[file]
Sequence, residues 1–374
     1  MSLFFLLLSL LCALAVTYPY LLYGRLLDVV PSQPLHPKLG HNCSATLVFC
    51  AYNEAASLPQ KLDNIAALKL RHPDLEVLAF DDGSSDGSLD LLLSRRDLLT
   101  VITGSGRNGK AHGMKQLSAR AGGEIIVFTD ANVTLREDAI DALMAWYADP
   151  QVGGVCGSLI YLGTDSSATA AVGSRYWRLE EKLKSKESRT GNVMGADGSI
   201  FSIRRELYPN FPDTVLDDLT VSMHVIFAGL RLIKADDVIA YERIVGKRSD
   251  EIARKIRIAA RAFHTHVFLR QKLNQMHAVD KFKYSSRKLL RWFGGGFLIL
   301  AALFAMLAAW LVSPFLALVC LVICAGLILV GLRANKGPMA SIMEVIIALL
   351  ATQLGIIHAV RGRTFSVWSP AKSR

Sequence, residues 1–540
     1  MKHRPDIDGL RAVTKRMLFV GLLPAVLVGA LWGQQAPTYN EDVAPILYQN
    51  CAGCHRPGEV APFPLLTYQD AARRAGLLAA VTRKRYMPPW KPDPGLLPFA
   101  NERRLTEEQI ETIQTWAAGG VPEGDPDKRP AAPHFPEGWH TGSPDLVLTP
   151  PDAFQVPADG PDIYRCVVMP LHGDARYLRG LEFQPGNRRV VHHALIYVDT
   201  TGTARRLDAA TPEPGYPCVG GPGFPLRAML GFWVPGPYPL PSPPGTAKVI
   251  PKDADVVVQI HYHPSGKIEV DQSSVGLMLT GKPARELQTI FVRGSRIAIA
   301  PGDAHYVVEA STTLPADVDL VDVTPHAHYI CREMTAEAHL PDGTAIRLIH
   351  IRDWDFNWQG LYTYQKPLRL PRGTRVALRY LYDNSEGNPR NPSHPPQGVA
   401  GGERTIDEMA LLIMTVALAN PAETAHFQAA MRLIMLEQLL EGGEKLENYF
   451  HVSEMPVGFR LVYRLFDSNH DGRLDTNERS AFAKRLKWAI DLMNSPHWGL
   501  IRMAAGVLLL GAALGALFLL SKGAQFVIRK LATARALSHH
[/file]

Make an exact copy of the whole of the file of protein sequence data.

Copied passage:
Sequence, residues 1–374
     1  MSLFFLLLSL LCALAVTYPY LLYGRLLDVV PSQPLHPKLG HNCSATLVFC
    51  AYNEAASLPQ KLDNIAALKL RHPDLEVLAF DDGSSDGSLD LLLSRRDLLT
   101  VITGSGRNGK AHGMKQLSAR AGGEIIVFTD ANVTLREDAI DALMAWYADP
   151  QVGGVCGSLI YLGTDSSATA AVGSRYWRLE EKLKSKESRT GNVMGADGSI
   201  FSIRRELYPN FPDTVLDDLT VSMHVIFAGL RLIKADDVIA YERIVGKRSD
   251  EIARKIRIAA RAFHTHVFLR QKLNQMHAVD KFKYSSRKLL RWFGGGFLIL
   301  AALFAMLAAW LVSPFLALVC LVICAGLILV GLRANKGPMA SIMEVIIALL
   351  ATQLGIIHAV RGRTFSVWSP AKSR

Sequence, residues 1–540
     1  MKHRPDIDGL RAVTKRMLFV GLLPAVLVGA LWGQQAPTYN EDVAPILYQN
    51  CAGCHRPGEV APFPLLTYQD AARRAGLLAA VTRKRYMPPW KPDPGLLPFA
   101  NERRLTEEQI ETIQTWAAGG VPEGDPDKRP AAPHFPEGWH TGSPDLVLTP
   151  PDAFQVPADG PDIYRCVVMP LHGDARYLRG LEFQPGNRRV VHHALIYVDT
   201  TGTARRLDAA TPEPGYPCVG GPGFPLRAML GFWVPGPYPL PSPPGTAKVI
   251  PKDADVVVQI HYHPSGKIEV DQSSVGLMLT GKPARELQTI FVRGSRIAIA
   301  PGDAHYVVEA STTLPADVDL VDVTPHAHYI CREMTAEAHL PDGTAIRLIH
   351  IRDWDFNWQG LYTYQKPLRL PRGTRVALRY LYDNSEGNPR NPSHPPQGVA
   401  GGERTIDEMA LLIMTVALAN PAETAHFQAA MRLIMLEQLL EGGEKLENYF
   451  HVSEMPVGFR LVYRLFDSNH DGRLDTNERS AFAKRLKWAI DLMNSPHWGL
   501  IRMAAGVLLL GAALGALFLL SKGAQFVIRK LATARALSHH